Third Sunday of Advent December 13, 2015
Can you see hope?
What does hope look like? Can you see it?
As John the Baptist spreads word that the Savior is coming, the news is electrifying. Crowds leave their homes and close their shops, trekking into the wilderness to hear John’s message firsthand. It is good news (Luke 3:19), news that God knows their struggles and is at last coming to save them.
Yes, there are critics, doubters, and cynics. Aren’t there always? They are quite happy with things as they are now; they are quite happy with themselves just the way they are. They feel no need for a Savior, no need to be saved from anything, thank you. As John speaks, we picture them standing back, shaking their heads, whispering their critiques. But they do nothing. And for them John offers a harsh warning (Luke 3:9, 17).
But others embrace John’s message. They already feel their need for a Savior. Hearing that the Savior is near fills them with hope—hope you can see. You see it as they respond to John’s news by opening their cupboards and closets, sharing with others in need (Luke 3:11). You see it as they halt dishonest business practices—even the ones “everybody does”—exchanging profits for integrity (Luke 3:13). You see it as they break old habits of imposing their will on others, and as they reject the pursuit of “more,” “bigger,” and “better,” and in its place find content-ment with what they already have (Luke 3:14). You see it as they step forward publicly for baptism, inviting others to help them remain accountable to the new hope they have found. For them, hope expresses itself in action. You can see the hope.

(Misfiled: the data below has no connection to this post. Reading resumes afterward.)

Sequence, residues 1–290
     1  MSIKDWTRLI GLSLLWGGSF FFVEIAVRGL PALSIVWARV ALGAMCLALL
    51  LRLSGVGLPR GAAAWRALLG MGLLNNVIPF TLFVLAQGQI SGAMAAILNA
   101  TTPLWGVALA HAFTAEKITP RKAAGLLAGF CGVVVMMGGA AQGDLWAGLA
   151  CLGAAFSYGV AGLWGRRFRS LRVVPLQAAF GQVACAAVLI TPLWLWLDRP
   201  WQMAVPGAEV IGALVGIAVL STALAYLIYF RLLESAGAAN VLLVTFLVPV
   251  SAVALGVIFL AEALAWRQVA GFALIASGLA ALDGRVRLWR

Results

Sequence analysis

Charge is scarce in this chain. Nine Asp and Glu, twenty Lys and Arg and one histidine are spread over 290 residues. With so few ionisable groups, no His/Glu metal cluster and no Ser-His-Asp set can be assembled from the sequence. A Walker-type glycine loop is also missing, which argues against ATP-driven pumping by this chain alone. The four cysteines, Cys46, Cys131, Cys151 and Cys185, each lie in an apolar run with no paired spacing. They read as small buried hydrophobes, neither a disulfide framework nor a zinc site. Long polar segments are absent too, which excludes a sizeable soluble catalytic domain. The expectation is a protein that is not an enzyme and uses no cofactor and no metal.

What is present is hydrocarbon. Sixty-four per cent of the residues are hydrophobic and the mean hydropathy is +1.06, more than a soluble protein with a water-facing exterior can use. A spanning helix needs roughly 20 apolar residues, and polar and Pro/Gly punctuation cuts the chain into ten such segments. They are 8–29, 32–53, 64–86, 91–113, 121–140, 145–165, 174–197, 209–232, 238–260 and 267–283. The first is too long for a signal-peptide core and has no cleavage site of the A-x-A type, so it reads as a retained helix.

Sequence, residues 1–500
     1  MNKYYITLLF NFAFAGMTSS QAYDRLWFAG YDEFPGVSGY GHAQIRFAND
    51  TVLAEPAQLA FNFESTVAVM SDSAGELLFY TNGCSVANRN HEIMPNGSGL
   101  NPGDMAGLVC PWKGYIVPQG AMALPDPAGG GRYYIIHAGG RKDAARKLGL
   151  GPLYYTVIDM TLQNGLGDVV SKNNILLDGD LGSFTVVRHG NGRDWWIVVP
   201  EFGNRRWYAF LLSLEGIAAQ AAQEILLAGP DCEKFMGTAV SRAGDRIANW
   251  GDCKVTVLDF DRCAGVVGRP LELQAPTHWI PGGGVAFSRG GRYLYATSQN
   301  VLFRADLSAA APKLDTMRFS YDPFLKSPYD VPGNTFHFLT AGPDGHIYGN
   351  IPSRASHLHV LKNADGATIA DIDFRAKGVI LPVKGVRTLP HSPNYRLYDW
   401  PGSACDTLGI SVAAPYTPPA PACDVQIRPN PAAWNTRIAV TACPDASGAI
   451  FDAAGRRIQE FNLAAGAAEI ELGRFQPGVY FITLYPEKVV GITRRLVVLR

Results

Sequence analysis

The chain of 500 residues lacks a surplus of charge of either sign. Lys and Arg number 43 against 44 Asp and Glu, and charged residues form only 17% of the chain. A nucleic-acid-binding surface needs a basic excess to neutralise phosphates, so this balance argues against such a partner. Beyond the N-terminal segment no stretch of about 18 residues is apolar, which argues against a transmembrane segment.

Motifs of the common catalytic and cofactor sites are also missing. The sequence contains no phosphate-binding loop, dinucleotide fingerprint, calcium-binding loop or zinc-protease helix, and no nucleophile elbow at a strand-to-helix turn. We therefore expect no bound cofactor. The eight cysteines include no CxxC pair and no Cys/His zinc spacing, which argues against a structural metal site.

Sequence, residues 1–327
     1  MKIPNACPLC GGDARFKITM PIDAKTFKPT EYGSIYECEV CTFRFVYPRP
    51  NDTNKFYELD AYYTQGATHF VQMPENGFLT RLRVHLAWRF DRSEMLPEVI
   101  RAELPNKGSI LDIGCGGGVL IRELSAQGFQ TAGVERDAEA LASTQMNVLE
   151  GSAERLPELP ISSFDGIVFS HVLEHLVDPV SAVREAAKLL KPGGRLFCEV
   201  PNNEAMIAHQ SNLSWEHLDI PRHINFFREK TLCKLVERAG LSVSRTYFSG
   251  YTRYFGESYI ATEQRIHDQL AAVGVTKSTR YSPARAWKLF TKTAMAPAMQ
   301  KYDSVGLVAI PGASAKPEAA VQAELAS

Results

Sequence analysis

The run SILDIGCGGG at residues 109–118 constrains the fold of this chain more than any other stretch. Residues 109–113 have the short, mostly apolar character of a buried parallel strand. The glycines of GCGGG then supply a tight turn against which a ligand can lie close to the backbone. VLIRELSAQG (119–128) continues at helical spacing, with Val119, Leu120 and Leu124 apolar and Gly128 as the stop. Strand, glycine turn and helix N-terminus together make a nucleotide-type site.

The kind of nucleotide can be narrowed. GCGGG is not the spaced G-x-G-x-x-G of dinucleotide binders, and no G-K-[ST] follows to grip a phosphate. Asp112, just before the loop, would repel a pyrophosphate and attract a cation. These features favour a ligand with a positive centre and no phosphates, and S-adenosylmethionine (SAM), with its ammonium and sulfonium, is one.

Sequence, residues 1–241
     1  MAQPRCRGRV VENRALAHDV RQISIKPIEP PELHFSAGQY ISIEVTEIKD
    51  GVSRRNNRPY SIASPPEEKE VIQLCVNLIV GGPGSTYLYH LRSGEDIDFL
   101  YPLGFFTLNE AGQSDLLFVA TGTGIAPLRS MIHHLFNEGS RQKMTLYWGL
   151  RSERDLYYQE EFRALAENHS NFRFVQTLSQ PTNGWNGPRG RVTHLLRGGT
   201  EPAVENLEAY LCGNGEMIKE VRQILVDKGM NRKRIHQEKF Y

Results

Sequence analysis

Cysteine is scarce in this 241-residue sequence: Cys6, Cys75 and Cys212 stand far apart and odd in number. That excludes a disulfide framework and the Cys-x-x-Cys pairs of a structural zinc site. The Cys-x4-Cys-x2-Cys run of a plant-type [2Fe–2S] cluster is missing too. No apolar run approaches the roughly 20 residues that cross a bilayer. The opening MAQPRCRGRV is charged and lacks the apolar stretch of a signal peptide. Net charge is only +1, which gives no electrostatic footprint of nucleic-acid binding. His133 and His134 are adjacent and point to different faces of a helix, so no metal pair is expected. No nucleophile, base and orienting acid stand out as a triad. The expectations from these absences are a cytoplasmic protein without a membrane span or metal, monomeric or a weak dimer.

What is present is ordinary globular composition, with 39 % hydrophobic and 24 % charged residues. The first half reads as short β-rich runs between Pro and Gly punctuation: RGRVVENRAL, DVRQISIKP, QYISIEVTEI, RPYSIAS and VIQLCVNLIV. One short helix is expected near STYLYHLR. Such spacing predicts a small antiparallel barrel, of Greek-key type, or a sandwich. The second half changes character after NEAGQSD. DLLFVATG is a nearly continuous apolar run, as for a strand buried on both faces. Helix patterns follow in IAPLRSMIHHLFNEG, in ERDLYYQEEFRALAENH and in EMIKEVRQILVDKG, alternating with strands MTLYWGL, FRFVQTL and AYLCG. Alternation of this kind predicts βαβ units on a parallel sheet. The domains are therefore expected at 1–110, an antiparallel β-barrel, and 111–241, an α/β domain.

Our Savior is coming. We will meet him soon. Does hope fill our hearts? Can others see the impact of this hope on our lives? How?
David Geyer, pastor, College Hill Moravian Church, Bethlehem, Pennsylvania